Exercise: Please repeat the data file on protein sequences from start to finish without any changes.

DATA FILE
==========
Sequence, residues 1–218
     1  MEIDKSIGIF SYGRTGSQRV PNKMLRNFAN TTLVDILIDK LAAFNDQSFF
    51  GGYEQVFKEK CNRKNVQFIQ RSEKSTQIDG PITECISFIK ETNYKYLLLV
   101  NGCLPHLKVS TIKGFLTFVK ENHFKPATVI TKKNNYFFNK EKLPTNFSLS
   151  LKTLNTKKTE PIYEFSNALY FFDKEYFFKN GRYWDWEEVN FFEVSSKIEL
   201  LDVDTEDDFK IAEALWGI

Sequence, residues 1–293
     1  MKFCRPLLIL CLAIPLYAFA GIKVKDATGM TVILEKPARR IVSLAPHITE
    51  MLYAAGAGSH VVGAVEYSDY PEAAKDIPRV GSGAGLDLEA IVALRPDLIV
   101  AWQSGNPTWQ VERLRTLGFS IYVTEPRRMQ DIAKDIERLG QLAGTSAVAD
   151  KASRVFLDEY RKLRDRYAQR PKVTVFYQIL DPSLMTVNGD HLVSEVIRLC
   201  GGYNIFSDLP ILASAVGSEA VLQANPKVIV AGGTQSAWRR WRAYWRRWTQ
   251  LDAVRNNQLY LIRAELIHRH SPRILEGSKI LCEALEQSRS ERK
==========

Sequence, residues 1–218
     1  MEIDKSIGIF SYGRTGSQRV PNKMLRNFAN TTLVDILIDK LAAFNDQSFF
    51  GGYEQVFKEK CNRKNVQFIQ RSEKSTQIDG PITECISFIK ETNYKYLLLV
   101  NGCLPHLKVS TIKGFLTFVK ENHFKPATVI TKKNNYFFNK EKLPTNFSLS
   151  LKTLNTKKTE PIYEFSNALY FFDKEYFFKN GRYWDWEEVN FFEVSSKIEL
   201  LDVDTEDDFK IAEALWGI

Sequence, residues 1–293
     1  MKFCRPLLIL CLAIPLYAFA GIKVKDATGM TVILEKPARR IVSLAPHITE
    51  MLYAAGAGSH VVGAVEYSDY PEAAKDIPRV GSGAGLDLEA IVALRPDLIV
   101  AWQSGNPTWQ VERLRTLGFS IYVTEPRRMQ DIAKDIERLG QLAGTSAVAD
   151  KASRVFLDEY RKLRDRYAQR PKVTVFYQIL DPSLMTVNGD HLVSEVIRLC
   201  GGYNIFSDLP ILASAVGSEA VLQANPKVIV AGGTQSAWRR WRAYWRRWTQ
   251  LDAVRNNQLY LIRAELIHRH SPRILEGSKI LCEALEQSRS ERK